Here are a few grapes from early in the summer. Usually you would harvest them in early fall, but when I was at the garden today, they were all gone. I'm hoping someone had a yummy snack.

Ahh...the fruits of our labor. Everything here is edible and would make a really tasty salad--kale (1st graders planted), nasturtiums (they come back every year), and a variety of tomatoes. Look at all the different colors! 
 Pumpkins. Lots of little pumpkins is what we have growing in our pumpkin patch. And I mean a lot! Mrs. Nelson's class planted these and the 5th graders will use them in a botany lab this Fall. 
This picture was taken in July.
 Look at all the green leaves!
This was taken a few days ago. Those leaves are calling it quits and sending all the good nutrients to the pumpkins.

You know what else grows really well? Weeds. Thistles. Really pokey, prickly weeds that are a bear to pull out. You need some serious gloves when you let them go this long.

On a brighter, much sunnier note, sunflowers.
What a perfect way to welcome kids back to McKinley for another great year.

Tuesday, May 7, 2013

First-graders in the Garden

I had a delightful day with Mrs. Lioy's and Mrs. Leduc-Gibson's 1st graders recently, planting, some radishes and carrots in their garden beds. We had such success with using seed paper with the 5th graders, I decided to do the same with the younger kids. Carrot seeds are tiny! They are so tiny that it's near impossible to have the manual dexterity to space them appropriately. But we tried.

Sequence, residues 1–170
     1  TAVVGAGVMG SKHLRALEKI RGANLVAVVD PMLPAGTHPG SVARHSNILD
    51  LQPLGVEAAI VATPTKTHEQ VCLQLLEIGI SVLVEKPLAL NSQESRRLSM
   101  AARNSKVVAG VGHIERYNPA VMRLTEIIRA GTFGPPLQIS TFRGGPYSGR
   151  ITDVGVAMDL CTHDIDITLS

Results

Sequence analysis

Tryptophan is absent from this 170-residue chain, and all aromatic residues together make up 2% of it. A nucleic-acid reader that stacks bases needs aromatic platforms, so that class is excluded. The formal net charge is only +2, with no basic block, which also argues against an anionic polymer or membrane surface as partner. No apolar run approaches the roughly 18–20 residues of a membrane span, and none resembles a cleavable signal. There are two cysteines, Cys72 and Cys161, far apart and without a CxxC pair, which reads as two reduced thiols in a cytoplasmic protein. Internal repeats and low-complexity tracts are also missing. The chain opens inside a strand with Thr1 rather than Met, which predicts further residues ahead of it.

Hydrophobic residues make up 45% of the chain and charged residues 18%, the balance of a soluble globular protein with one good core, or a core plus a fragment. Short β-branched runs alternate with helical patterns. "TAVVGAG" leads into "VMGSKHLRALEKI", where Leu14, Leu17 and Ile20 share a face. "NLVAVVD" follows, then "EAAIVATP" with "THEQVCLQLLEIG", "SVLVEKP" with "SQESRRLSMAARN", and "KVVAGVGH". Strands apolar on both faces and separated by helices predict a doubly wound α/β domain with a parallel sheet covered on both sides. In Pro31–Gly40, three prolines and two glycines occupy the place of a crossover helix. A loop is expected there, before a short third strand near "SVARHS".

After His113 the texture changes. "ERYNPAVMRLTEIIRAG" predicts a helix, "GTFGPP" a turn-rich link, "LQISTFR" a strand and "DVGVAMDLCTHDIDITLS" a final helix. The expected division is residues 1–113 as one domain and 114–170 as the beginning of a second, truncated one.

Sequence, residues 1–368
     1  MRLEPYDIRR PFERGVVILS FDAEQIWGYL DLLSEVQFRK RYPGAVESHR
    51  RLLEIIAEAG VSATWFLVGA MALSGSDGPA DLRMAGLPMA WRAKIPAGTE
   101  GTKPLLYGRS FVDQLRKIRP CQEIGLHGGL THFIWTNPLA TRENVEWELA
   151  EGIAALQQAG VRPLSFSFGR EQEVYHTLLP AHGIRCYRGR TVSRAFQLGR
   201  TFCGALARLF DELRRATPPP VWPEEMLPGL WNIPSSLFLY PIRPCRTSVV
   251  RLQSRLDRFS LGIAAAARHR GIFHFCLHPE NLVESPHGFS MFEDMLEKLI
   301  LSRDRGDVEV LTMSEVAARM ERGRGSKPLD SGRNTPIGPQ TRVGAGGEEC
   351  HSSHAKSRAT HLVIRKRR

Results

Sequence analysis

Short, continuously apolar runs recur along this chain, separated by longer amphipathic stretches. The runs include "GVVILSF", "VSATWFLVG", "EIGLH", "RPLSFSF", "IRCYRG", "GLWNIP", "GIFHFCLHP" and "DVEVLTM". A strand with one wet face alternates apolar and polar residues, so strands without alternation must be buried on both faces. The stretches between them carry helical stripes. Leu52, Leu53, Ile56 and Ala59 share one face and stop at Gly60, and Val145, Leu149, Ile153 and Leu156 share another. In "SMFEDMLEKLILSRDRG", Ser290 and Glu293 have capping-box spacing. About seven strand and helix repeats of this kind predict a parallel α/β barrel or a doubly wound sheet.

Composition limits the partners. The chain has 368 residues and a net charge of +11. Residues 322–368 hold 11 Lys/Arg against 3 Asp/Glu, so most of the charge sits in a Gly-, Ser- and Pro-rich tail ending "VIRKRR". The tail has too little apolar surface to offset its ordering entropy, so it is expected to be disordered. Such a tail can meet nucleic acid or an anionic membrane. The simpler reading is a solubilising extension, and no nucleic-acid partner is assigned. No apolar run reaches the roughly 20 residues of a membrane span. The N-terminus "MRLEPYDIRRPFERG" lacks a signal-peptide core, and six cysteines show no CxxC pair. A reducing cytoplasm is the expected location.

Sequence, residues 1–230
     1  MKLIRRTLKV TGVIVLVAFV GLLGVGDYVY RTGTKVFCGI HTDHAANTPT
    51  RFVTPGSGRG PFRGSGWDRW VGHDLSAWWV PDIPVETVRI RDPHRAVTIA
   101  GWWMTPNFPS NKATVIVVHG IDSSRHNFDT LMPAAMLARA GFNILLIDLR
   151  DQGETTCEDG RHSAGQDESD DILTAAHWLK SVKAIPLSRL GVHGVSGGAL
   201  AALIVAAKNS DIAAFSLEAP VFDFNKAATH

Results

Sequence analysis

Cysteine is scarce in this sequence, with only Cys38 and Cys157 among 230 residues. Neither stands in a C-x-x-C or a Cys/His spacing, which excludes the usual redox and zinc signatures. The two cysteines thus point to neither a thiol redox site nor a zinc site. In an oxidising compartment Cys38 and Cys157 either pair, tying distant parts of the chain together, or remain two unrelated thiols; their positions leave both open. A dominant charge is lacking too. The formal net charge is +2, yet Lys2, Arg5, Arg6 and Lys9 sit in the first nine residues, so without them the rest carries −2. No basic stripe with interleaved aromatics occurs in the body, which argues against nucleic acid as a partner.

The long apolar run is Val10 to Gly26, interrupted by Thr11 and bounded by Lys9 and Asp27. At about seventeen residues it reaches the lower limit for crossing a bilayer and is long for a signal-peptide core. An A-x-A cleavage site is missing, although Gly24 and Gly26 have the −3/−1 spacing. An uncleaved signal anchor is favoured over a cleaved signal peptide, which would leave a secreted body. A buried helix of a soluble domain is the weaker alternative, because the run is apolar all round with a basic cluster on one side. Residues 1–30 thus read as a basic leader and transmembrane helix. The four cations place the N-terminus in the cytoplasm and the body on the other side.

In partners, they painted some dots on a paper towel, using "home-made" glue made out of flour and water. Then they placed the seeds on the dots.

We got some assistance from some helpful 5th graders.

Before we put the seed paper down, we had to get the garden bed ready. We broke up the clumps of dirt, added some compost and smoothed it all down to make a nice little bed for some baby radishes.

And here they are!!
Baby radishes, just 7 days old!

So, can you tell what this is below? If you look very carefully, there are about a million ants with some little white looking things. Some of you are thinking, oh, disgusting. That's kind of what I was thinking. But not the boys on recess.

"Hey, look, there's a bunch of ants and little white things."
"Those are maggots."
"No, those are larva, not maggots."
"Let's move them."
"No, let's get a spider and let the spider eat them."

I have to say I was impressed by this exchange, at the very least for their creative problem solving. So they searched around and within 2 minutes came back with a spider, which they dropped on the ants.
Did it start to eat them? No, it scurried away. So we scooped out most of the ants and larva with a big shovel and moved them. They needed a new home anyway.

What's the spider doing? Is he eating the ants?
On a different note, a harvest kind of note, we also dug up some plants. A root crop. Starts with a P and ends with a P. These were the hints I gave the 5th graders and I got a bunch of blank stares and more guesses of carrot and ginger. These are parsnips. PARSNIPS! Which, according to the seed package, are difficult to grow because of a low germination rate. And we harvested about 10 decent, edible-looking parsnips. Below you can see what they look like above the ground. A lot of greenery. One really cool thing we noticed is that the leaves smell really sweet, like a roasted parsnip. Kind of like coconut. Amazing, huh? Just look at all the things you can learn in the garden!